The library wrestles with where to draw the line on odor. The law is unclear. An aggressive patron in New Jersey successfully sued a public library for banning him because of his body odor. That decision has had a chilling effect on public libraries ever since. When library users complain about the odor of transients, librarians usually respond that there isn't much they can do about it. Lately, libraries are learning to write policies on odor that are more specific and so can be defended in court, but such rules are still hard to enforce because smell is such a subjective thing — and humiliating someone by telling him he stinks is an awkward experience that librarians prefer to avoid. None of this was covered in library school.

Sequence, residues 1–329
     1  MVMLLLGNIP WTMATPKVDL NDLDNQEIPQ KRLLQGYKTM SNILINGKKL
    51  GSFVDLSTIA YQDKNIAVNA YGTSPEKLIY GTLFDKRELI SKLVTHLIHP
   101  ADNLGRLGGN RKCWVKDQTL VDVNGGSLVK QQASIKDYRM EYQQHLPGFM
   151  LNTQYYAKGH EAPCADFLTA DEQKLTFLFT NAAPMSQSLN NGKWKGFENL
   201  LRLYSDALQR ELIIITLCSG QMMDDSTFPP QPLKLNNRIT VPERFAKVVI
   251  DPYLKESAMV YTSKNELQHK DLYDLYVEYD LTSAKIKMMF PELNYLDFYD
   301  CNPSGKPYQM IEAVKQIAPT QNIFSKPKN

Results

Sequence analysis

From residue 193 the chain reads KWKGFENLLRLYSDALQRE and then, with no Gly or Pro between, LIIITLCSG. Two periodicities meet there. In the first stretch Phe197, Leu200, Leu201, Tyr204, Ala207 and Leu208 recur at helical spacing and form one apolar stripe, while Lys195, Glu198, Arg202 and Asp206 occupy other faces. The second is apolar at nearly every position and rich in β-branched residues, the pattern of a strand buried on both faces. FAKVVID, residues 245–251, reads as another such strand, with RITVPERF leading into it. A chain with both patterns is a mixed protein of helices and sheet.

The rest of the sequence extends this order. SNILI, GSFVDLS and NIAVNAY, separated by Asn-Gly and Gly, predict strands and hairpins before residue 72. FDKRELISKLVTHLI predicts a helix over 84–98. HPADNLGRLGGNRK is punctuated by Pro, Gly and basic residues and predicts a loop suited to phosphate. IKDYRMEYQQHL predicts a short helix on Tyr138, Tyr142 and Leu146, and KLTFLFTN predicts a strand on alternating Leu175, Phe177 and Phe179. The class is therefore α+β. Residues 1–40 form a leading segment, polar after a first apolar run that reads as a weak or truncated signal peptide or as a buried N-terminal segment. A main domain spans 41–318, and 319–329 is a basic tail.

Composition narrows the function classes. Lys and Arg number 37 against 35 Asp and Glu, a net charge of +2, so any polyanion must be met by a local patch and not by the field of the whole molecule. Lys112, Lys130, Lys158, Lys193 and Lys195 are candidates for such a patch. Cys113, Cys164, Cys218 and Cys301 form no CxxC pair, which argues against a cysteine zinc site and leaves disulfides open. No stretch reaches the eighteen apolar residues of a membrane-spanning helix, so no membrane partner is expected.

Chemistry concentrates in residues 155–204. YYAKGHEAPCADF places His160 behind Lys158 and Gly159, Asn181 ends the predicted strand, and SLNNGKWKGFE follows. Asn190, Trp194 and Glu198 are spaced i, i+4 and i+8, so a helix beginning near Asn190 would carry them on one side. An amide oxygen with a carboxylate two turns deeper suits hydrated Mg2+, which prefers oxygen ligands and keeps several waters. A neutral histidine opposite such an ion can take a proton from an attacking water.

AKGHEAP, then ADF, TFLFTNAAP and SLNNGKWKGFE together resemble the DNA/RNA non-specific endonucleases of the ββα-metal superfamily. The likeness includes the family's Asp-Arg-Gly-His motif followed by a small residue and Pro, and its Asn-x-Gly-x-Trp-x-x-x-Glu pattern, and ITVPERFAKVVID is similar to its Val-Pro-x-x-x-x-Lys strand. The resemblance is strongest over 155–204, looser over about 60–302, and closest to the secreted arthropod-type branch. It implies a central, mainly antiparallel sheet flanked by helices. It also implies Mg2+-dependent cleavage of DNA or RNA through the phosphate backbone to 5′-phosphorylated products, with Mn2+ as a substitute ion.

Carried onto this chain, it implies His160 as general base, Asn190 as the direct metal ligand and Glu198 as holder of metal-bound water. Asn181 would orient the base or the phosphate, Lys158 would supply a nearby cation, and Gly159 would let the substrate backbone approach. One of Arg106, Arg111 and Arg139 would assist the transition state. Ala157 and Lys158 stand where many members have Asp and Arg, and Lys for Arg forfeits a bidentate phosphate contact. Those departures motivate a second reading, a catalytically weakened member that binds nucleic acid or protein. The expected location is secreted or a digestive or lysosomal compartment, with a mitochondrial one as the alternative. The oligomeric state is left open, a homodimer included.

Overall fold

It's a chicken-or-egg world for the mentally-ill homeless. Are they on the street because they are immobilized by severe depression or is deep depression the consequence of being on the street? Any tendency towards a psychological problem is aggravated and magnified by the constant stress, social isolation, loss of self-esteem, despair, and relentless boredom of street life. Imagine the degradation of waiting an hour in the cold rain to get into a soup kitchen for a meal; the hassle of hunting endlessly for an unpoliced spot to sleep; the constant fear of being robbed or attacked by other street people; or the indignity of defecating in a vacant lot. It's a combination that would probably drive a mentally healthy person to psychosis and substance abuse. Street people, who suffer serious psychological disorders, are often substance abusers, too, and the drug that a psychotic person prefers, often matches the psychosis. I have learned, for example, that bi-polar users prefer cocaine when in their manic phases and schizophrenics gravitate, naturally enough, to hallucinogens.